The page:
Reports Maktoob Business here. I have written previously about the consumer choices for farm commodities and products in regions where the ability to produce either is minimal or difficult, and the results of it. Collectively, the GCC states currently lead the world in land acquisition and/or leasing of farms. Yet the above may be a small set back for now.
The Economist writes an excellent article on the subject here. The article states:
"It is not just Gulf states that are buying up farms. China secured the right to grow palm oil for biofuel on 2.8m hectares of Congo, which would be the world’s largest palm-oil plantation. It is negotiating to grow biofuels on 2m hectares in Zambia, a country where Chinese farms are said to produce a quarter of the eggs sold in the capital, Lusaka. According to one estimate, 1m Chinese farm labourers will be working in Africa this year, a number one African leader called “catastrophic”."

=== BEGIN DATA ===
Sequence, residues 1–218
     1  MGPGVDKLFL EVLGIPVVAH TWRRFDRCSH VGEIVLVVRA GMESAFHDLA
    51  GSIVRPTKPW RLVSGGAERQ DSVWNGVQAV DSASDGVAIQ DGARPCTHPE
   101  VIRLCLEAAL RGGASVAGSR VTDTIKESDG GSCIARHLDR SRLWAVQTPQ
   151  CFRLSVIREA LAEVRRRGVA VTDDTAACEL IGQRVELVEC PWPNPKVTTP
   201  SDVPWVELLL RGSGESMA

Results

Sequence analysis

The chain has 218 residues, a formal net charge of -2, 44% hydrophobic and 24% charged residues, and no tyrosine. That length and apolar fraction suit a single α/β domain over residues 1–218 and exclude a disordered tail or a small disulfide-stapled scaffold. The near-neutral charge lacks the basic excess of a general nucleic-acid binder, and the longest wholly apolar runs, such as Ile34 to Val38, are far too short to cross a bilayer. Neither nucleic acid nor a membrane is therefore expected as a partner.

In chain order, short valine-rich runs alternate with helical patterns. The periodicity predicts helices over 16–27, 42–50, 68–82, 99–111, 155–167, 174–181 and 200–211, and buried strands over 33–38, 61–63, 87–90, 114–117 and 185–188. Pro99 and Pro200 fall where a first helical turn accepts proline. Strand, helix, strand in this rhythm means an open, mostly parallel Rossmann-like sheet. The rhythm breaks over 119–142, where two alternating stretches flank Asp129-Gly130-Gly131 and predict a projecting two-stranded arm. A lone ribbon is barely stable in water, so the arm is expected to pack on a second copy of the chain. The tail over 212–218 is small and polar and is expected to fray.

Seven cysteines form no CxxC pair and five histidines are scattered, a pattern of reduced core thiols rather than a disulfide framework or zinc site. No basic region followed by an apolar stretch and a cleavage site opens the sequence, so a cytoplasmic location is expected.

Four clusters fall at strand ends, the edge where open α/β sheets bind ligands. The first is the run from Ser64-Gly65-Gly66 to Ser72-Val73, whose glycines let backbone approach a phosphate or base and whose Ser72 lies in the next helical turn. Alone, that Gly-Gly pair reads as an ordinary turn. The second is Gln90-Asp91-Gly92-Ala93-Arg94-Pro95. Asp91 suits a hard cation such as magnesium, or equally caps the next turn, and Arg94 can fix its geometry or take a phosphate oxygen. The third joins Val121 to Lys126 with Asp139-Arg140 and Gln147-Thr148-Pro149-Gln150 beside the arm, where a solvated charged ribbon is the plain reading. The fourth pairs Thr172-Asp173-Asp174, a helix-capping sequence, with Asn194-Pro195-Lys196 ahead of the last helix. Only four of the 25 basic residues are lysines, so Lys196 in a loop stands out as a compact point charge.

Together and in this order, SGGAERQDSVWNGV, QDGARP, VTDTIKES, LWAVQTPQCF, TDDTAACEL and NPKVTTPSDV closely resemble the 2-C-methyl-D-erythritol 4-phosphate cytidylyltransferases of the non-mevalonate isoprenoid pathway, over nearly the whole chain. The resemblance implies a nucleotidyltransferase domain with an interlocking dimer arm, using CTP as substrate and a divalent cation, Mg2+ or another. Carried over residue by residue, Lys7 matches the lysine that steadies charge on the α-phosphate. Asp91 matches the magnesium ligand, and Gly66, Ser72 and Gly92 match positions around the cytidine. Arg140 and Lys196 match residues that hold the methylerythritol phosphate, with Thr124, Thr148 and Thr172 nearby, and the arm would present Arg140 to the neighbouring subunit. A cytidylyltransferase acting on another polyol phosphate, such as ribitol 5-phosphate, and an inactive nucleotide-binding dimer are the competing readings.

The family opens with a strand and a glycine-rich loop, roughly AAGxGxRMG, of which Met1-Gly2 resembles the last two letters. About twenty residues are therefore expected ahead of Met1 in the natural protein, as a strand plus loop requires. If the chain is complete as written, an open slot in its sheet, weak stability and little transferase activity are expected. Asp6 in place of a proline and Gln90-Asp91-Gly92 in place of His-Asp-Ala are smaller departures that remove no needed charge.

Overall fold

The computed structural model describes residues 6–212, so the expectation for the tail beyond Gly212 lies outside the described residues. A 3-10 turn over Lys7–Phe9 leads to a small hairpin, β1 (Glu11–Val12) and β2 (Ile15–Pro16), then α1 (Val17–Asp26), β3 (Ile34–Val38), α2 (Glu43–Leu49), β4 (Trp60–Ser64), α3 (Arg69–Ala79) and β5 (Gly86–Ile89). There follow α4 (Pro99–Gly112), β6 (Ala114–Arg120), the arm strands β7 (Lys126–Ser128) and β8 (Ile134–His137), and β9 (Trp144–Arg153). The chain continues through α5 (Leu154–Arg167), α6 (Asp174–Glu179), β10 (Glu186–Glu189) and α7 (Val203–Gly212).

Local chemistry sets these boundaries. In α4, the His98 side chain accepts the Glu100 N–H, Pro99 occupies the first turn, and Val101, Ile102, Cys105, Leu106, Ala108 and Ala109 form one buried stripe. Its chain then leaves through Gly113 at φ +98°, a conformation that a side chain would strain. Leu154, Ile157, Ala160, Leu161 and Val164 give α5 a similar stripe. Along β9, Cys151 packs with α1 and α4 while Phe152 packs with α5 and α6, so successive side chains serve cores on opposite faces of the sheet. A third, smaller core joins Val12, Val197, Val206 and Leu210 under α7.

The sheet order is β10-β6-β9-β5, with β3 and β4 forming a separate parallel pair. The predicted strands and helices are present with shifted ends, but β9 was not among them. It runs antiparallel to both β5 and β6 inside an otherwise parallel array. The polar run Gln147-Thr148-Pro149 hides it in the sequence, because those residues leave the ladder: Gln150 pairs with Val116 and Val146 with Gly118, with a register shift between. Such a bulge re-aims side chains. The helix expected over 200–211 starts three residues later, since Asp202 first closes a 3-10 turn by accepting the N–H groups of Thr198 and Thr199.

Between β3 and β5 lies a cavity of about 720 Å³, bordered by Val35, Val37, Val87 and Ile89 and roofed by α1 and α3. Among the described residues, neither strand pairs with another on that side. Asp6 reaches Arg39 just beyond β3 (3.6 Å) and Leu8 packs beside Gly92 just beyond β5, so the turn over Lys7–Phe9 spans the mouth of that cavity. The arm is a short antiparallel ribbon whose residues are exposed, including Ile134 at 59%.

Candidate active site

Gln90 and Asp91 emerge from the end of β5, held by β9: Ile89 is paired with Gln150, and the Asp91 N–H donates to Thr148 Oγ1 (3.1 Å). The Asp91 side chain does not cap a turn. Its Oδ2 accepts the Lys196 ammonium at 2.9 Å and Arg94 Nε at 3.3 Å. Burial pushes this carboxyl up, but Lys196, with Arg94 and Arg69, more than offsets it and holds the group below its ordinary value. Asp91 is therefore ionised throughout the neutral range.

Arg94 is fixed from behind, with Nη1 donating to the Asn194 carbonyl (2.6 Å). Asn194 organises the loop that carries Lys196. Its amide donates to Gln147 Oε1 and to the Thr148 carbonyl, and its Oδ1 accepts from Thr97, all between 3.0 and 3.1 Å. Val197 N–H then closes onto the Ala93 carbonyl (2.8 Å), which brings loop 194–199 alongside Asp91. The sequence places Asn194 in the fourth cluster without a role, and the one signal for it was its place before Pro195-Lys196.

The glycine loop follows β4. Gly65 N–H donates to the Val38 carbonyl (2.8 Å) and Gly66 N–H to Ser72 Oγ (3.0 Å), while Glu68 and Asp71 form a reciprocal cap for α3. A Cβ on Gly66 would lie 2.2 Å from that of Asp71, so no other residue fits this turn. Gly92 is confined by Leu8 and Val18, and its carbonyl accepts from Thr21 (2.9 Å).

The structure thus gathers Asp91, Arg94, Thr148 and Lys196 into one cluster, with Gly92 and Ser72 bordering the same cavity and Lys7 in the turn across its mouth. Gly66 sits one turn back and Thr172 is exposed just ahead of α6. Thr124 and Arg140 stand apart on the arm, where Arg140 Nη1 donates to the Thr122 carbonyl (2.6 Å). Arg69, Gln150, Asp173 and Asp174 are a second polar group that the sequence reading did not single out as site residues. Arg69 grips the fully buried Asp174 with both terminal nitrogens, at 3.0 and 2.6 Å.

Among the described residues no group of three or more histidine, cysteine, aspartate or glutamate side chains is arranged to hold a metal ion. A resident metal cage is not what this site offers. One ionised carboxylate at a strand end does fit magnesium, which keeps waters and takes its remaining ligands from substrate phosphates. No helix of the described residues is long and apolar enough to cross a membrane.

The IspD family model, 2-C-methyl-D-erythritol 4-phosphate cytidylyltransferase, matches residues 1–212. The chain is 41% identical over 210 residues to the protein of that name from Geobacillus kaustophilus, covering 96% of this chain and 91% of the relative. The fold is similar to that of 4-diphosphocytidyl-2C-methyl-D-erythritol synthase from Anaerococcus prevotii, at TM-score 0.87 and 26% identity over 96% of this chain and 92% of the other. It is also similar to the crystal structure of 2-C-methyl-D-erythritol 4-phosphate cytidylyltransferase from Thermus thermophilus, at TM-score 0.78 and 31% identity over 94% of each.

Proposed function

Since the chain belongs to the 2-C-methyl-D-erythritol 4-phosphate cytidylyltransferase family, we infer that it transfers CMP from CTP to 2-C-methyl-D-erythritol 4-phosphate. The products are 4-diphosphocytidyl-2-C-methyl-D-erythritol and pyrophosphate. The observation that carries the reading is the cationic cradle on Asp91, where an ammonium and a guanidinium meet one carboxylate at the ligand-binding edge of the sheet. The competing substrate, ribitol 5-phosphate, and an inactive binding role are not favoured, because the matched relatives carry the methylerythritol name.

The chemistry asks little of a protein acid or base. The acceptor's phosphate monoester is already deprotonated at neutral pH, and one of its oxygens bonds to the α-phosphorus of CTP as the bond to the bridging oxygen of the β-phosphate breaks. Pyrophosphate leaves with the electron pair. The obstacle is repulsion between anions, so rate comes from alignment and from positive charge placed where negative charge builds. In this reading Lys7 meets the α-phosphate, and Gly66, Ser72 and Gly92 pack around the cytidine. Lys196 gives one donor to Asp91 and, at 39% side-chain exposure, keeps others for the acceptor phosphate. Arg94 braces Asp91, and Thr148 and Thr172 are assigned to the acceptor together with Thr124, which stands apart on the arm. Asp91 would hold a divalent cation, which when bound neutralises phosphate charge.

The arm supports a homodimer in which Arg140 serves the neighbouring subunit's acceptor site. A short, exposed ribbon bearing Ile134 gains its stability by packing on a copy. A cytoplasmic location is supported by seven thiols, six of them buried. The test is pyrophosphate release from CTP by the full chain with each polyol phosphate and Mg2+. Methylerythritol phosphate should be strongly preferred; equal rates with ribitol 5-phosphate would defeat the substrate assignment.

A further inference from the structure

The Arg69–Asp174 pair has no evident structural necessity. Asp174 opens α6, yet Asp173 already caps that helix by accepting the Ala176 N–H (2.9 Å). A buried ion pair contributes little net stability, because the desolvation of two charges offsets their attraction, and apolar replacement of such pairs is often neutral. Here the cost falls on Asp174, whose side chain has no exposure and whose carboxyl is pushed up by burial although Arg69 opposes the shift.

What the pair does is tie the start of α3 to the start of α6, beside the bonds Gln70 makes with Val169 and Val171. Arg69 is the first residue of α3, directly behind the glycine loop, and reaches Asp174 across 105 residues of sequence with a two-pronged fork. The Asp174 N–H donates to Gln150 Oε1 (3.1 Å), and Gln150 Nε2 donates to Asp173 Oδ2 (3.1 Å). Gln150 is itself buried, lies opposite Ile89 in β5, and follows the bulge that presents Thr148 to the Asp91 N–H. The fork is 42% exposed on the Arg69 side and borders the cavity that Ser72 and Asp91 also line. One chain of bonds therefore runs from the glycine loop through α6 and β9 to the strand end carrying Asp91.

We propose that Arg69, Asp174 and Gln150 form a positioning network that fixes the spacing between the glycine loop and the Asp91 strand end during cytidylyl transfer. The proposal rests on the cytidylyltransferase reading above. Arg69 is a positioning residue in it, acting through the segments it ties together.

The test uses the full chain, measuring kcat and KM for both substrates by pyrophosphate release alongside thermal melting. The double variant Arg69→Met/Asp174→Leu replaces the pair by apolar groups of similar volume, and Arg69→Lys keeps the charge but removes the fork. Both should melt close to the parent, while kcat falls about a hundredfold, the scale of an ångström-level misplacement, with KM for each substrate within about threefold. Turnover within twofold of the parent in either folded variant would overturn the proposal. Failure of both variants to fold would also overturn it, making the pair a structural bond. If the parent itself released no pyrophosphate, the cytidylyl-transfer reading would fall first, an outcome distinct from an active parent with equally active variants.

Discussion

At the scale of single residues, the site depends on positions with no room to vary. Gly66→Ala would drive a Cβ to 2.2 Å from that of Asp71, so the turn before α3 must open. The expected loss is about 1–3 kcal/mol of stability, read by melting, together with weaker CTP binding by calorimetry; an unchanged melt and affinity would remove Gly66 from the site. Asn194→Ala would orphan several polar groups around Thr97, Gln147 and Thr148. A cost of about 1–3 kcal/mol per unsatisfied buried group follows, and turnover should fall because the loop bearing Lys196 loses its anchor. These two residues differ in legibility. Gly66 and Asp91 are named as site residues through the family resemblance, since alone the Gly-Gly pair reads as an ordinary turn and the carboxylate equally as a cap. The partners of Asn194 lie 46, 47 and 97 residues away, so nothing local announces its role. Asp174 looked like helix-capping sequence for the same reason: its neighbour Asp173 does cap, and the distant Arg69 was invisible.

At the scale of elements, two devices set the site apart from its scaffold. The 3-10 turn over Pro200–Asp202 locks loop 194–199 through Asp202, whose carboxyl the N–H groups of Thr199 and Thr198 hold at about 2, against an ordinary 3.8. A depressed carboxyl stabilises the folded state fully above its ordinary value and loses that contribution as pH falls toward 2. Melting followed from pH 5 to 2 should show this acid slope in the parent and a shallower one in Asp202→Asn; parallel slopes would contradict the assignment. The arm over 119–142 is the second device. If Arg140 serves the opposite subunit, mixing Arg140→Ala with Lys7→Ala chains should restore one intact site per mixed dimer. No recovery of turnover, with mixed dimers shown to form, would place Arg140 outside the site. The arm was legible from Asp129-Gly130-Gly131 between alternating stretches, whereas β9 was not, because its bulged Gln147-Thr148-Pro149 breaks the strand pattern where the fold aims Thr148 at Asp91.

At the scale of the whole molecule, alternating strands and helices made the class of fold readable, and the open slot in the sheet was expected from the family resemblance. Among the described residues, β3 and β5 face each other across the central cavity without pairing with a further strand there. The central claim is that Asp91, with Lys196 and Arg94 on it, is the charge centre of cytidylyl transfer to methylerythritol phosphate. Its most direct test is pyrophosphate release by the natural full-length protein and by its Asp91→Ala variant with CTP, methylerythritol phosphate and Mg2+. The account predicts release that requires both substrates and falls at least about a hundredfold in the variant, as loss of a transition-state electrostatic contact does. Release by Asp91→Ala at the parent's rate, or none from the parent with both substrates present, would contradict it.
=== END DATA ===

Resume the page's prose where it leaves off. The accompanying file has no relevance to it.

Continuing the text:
Below is a revealing data diagram highlighting investment and deal structure from the Economist.
A bit of hype and herd (crowd) mentality is shown in the following statistics followed by of course pullback - "Between the start of 2007 and the middle of 2008, The Economist index of food prices rose 78%; soyabeans and rice both soared more than 130%. Meanwhile, food stocks slumped. In the five largest grain exporters, the ratio of stocks to consumption-plus-exports fell to 11% in 2009, below its ten-year average of over 15%."
Yet, all this activity is termed as "neocolonialist" as the article states - "The head of the UN’s Food and Agriculture Organisation, Jacques Diouf, dubs some projects “neocolonialist”."
As the need continues to grow for food, the agri-focused economics will gain from it. Will the results be similar to oil economics?